There has been a growing awareness in recent years of the need to provide augmentative and alternative communication for people who have complex communication needs. Those with autism, cerebral palsy or Down’s syndrome benefit from using AAC that may include the use of manual signs, communication boards and books, high-tech electronic devices and other forms of unaided and aided communication.
Easy language is a spoken or written specific form of language. The term ‘easy language’ (easy-to-read language) refers to a simple form of language used for communication with the following user groups: a) people with intellectual or neurological disabilities; b) immigrants; and c) people with memory disorders. Professionals can study easy language and learn it to at least basic level.
Communication models are very important in the conversation situation. A communication model is a person who is more talented in certain communication situations. Professionals in social and health care services are in such a position when they meet people who communicate in other ways than typical speech.
In the DVINE project, three videos were produced as pre-course materials in autumn 2019. They were intended to enhance students’ knowledge about sign languages, communication and AAC. The videos about sign language and communication are short, lasting about 5 minutes. The video about AAC is longer, at 48 minutes. The teacher can employ a flipped learning method when using these videos, by asking the students to watch them before the lessons or by using simulations in the classroom. The videos were made in Finland in 2019 (Hietala 2020, Sign language 2020, Communication 2020, AAC 2020). The teacher can use the Kahoot! game to evaluate whether students have watched the videos: the authors of this article writers have prepared some model questions and guidelines for this purpose.
Results of the interviews
In the interview we asked teachers (3) from Vietnam to evaluate the toolkit regarding its usability and suitability in the Vietnamese context.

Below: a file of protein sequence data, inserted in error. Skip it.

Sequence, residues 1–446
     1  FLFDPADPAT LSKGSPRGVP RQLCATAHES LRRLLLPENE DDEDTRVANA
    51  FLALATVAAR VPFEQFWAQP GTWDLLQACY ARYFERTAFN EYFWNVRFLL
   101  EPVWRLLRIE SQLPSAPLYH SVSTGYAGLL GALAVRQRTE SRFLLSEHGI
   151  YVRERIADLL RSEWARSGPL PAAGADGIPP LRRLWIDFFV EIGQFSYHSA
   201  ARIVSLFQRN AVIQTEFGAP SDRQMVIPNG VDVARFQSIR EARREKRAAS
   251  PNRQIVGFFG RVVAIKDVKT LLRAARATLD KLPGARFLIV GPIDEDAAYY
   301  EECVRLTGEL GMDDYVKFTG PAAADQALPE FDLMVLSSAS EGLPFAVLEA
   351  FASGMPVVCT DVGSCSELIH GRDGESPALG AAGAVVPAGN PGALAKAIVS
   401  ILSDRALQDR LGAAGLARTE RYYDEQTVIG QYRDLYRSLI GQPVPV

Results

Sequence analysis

Most of those interviewed agreed that all the materials are usable and suitable for teaching in Vietnam.
The results were thematized in three groups:
Figure 1. Results of teachers’ interviews in Vietnam
The main concern was that the toolkit presents language barriers in Vietnam. This is important to take note of. In addition, teachers in Vietnam need translations and sign language experts to help them to develop the toolkit.
The interviewed teachers had suggestions and ideas for developing the toolkit: a) translating some of the materials into Vietnamese; b) designing a sign language handbook for teachers and students; c) the need for careful and specific guidance on using AAC and sign language; d) inviting deaf people to join the process of building the toolkit and inviting them to participate in the course for some hours.
In the interview we asked students (5) from Nepal to evaluate the toolkit regarding its usability and suitability for the Nepalese context. We also asked them to describe the kinds of materials that are motivating for students, what they do not want to study or know about and what could be done in a different way.
The students responded positively to the diverse range of communication and interaction that the toolkit for teachers enables when training students to meet persons who communicate in ways other than typical speech in health care and social work services. However, their main concern was whether the toolkit will be adapted in Nepal or not.
The results were thematized in three groups:
Figure 2. Results of students’ interviews in Nepal
The positive effects were that the toolkit adds a diverse range of communication and the students were optimistic about the use of the toolkit. The students also reported that the visual toolkit motivates students and, in that platform, the content is clearer and easier to deliver.
One positive effect was surprising for the authors of this article: it described attitudes and feelings, and students said that the toolkit delivers content in an empathetic way.
The main concern was adaptation of the toolkit for Nepal. That is important to take note of. Teachers in Nepal need to develop the toolkit to better suit the Nepalese context. Students need also proper guidance and support for studying the content. Experienced lecturers are needed to teach this course.
The situations that students and teachers are in vary a lot between Finland, Nepal and Vietnam. During the DVINE project we have had an opportunity to learn from each other in linguistic and cultural matters, and on subjects that affect interaction between people.
In future we need more discussion about and evaluation of our curricula and teaching methods and materials. This article shows one method which was planned to support teachers when teaching about issues concerning communication and interaction. We will develop the toolkit with more AAC materials and open-access books.
Both countries need trained sign language experts and educated deaf persons to take part in the planning and teaching of courses in communication. The toolkit and simulation as a pedagogical solution might open the way to multidisciplinary cooperation in the future.
Karjalainen A. & Wallenius-Penttilä K. (2020). Eri tavoin kommunikoivien kohtaaminen sosiaali- ja terveysalan työssä. In: Diak Opetus 5, Diakonia-ammattikorkeakoulu. http://urn.fi/URN:ISBN:978-952-493-359-9